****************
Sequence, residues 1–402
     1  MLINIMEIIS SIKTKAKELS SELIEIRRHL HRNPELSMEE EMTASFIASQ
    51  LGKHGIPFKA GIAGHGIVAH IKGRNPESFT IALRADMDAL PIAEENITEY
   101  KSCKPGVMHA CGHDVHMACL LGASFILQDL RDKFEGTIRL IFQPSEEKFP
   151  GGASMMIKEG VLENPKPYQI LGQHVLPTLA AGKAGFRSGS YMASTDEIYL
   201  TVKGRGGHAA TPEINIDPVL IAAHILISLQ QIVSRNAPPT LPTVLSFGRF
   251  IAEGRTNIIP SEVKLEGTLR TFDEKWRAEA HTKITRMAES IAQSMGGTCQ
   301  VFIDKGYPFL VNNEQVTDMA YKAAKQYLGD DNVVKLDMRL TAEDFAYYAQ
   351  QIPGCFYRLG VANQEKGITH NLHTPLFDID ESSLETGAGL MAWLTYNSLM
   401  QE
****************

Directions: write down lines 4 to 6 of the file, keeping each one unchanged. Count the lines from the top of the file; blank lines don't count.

   101  KSCKPGVMHA CGHDVHMACL LGASFILQDL RDKFEGTIRL IFQPSEEKFP
   151  GGASMMIKEG VLENPKPYQI LGQHVLPTLA AGKAGFRSGS YMASTDEIYL
   201  TVKGRGGHAA TPEINIDPVL IAAHILISLQ QIVSRNAPPT LPTVLSFGRF